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Arts Features

Posted 28 May 2013 @ 6:25pm

While 3D printing may exist primarily in the realm of cool things you’ve read about on the internet, the technology is rapidly spreading, and its potential applications are far-reaching. 

 

The scale stretches from small to vast – scientists at Princeton have just used bio-organic printing to create a working human ear, while Dutch architects are presently working on a 3D printed...

Posted 28 May 2013 @ 6:21pm

Tony Kushner’s Angels In America may be the defining American play of the 20th century.

 

An epic and sprawling work, it takes on the AIDS crisis, and through this, expands into philosophical questions about the nature of life itself. At seven hours across two parts, it’s also one of the biggest and most ambitious plays you could attempt. Belvoir Street Theatre regular Eamon...

Posted 28 May 2013 @ 6:18pm

You may not have seen Baz Luhrmann’s The Great Gatsby just yet, but you probably already have a pretty firm opinion about it. 

 

In fact, it’s likely you fall in one of two camps: The Great Gatsby is a dynamic and visually-spectacular masterpiece from a visionary director, or The Great Gatsby is a gaudy travesty that lays waste to one of the 20th century’s greatest novels. That’s...

Posted 23 May 2013 @ 5:46pm

“I’ve got a first edition of The Waste Land, which I adore. I’ve got this old edition, published by Olympia Press by Henry Miller, Tropic of Cancer… I love Under Milk Wood. I love Nancy Mitford. I love Couplesby John Updike.”

 

Jemma Birrell is the most active bookworm you’ve ever met. She swooned over limited editions when working for a Parisian publishing house. She managed to...

Posted 23 May 2013 @ 5:42pm

Andrew Johnstone and Murray Bell just want to help.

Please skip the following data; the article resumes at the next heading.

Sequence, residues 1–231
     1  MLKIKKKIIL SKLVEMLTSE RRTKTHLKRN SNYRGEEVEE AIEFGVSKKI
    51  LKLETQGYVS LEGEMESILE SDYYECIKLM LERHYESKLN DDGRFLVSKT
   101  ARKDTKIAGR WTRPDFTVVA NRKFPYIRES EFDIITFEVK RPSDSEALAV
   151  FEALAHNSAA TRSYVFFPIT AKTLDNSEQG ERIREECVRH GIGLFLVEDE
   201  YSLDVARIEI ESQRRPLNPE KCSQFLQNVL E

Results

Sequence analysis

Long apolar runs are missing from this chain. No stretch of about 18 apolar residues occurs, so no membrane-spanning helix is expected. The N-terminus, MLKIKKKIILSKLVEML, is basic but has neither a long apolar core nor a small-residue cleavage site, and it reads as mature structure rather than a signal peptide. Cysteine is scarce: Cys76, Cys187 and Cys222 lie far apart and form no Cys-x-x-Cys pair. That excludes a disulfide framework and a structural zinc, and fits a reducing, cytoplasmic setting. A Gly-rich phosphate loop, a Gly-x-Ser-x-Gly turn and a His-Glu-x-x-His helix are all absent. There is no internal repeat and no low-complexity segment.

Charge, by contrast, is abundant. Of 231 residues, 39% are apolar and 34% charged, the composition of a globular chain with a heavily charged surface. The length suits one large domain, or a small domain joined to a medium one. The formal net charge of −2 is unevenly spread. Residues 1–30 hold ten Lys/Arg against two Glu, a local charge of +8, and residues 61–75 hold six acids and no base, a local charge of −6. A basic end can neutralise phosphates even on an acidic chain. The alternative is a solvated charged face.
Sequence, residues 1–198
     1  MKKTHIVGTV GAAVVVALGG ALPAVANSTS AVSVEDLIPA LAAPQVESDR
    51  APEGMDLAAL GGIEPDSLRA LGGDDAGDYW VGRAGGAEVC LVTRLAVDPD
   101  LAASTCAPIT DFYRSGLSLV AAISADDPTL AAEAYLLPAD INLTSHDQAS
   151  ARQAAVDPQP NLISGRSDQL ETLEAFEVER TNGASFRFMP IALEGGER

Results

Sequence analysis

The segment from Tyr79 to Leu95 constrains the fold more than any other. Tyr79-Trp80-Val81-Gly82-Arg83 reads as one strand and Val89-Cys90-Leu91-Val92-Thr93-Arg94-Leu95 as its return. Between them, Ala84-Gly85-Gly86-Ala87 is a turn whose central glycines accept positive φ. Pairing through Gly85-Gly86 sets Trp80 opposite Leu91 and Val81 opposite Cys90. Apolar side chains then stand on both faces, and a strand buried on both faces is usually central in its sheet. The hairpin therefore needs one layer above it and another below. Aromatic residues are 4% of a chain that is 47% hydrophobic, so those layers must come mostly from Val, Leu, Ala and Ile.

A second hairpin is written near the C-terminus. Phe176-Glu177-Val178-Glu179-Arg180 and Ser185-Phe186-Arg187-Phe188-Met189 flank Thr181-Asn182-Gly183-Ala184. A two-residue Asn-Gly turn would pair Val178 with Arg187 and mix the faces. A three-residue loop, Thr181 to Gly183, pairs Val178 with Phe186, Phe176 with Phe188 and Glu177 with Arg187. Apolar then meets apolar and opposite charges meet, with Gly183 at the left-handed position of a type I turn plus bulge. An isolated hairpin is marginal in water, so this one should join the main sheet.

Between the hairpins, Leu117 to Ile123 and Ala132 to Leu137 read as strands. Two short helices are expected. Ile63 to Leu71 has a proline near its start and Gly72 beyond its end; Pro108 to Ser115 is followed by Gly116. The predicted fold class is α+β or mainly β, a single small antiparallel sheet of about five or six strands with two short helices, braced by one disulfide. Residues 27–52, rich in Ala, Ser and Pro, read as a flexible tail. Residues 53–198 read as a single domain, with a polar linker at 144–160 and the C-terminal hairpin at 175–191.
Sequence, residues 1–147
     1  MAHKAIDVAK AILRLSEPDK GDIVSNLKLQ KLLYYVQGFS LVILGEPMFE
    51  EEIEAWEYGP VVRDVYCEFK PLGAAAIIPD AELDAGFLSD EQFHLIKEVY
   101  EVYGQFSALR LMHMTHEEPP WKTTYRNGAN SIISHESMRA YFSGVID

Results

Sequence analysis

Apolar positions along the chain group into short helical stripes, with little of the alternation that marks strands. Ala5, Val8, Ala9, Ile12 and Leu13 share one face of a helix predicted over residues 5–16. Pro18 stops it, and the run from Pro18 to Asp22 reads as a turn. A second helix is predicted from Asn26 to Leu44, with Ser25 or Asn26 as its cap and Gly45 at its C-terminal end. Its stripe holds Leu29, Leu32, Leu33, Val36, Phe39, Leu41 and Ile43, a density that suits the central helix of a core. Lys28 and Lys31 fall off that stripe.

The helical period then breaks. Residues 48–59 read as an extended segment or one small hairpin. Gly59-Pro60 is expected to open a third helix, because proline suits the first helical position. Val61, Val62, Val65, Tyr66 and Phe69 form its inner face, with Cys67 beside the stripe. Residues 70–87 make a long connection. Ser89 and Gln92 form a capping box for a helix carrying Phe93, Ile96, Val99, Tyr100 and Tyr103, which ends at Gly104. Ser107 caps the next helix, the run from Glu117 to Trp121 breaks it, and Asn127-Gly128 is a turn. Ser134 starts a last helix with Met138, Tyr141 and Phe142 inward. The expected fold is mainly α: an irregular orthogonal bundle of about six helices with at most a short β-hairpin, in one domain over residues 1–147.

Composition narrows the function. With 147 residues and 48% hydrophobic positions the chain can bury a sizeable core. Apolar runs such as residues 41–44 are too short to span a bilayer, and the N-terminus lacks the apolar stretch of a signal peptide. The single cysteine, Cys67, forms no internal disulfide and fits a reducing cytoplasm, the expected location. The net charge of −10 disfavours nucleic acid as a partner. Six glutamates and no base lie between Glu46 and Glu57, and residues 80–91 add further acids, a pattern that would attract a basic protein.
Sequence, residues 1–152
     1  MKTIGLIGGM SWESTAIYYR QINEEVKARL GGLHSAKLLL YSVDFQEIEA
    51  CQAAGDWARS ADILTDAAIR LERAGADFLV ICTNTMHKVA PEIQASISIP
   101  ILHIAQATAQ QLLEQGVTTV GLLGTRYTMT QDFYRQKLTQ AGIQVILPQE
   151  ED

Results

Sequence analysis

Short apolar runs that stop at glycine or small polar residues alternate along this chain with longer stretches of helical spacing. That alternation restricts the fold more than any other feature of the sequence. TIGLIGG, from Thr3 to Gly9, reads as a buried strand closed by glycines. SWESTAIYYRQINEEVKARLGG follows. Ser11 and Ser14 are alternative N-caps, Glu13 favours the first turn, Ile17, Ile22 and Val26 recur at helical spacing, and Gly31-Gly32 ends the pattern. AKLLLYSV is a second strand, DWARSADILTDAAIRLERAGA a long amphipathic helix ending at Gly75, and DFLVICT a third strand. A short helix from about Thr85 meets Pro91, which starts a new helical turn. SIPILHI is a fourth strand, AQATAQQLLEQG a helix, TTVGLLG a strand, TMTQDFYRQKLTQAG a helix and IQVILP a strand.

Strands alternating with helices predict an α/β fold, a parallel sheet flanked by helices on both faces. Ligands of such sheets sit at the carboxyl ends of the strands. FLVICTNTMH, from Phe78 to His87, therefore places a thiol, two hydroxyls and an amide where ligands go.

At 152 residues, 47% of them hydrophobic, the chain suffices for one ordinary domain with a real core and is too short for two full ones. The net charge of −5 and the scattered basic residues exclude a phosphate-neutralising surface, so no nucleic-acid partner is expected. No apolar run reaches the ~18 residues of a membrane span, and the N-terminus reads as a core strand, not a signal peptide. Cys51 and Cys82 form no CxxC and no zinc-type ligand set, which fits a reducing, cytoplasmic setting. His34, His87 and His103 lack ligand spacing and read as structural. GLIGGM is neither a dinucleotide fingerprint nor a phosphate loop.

Ready to kick off their 11th year of the Semi-Permanent (SP) design conference in Sydney, the co-founders have been connecting creatives, inspiring artists and celebrating new work across the globe every year since 2003. All you have to do is bring a pen, pad and a shitload of business cards.

 

After 11 years of...

Posted 23 May 2013 @ 5:37pm

Some ten years ago, the Head On Portrait Prize had its inaugural showing, a relatively small event designed to give lesser-known photographers a look in to the competitive circuit via its unique blind judging process. 

 

By 2008, this modest prize had become the Head On Foundation, a not-for-profit devoted to consciousness-raising through photography. In 2010, the whole shebang...

Posted 23 May 2013 @ 5:33pm

The nineteenth Symposium on Electronic Art hits Sydney next month with a program of exhibitions, performances and panel discussions to enlighten audiences on the practice, significance and influence of electronic media arts.

 

The 19th Symposium on Electronic Art hits Sydney next month with a program of exhibitions, performances and panel discussions to enlighten audiences on the...

Posted 23 May 2013 @ 5:17pm

Melbourne performer Jon Bennett believes in the power of the phallus like no other. 

 

As the star of his show, Pretending Things Are A Cock, it’s taken him around the world from the Amazon to the Edinburgh Fringe – all the while pursuing the simple concept of, well, snapping photos of imaginary penises. “Anything can be a pretend cock,” Bennett says, “as long as you believe.”...

Posted 23 May 2013 @ 5:12pm

Comedian Margaret Cho was born and raised in San Francisco, and from childhood, was exposed in the queer culture of the city. 

 

As a grown woman, she still grapples with questions of identity – as an individual, as a member of a community – and her new show draws directly on these thoughts. Entitled Mother, it sees Cho grappling with the idea of parenthood as it relates to queer...

Posted 23 May 2013 @ 5:08pm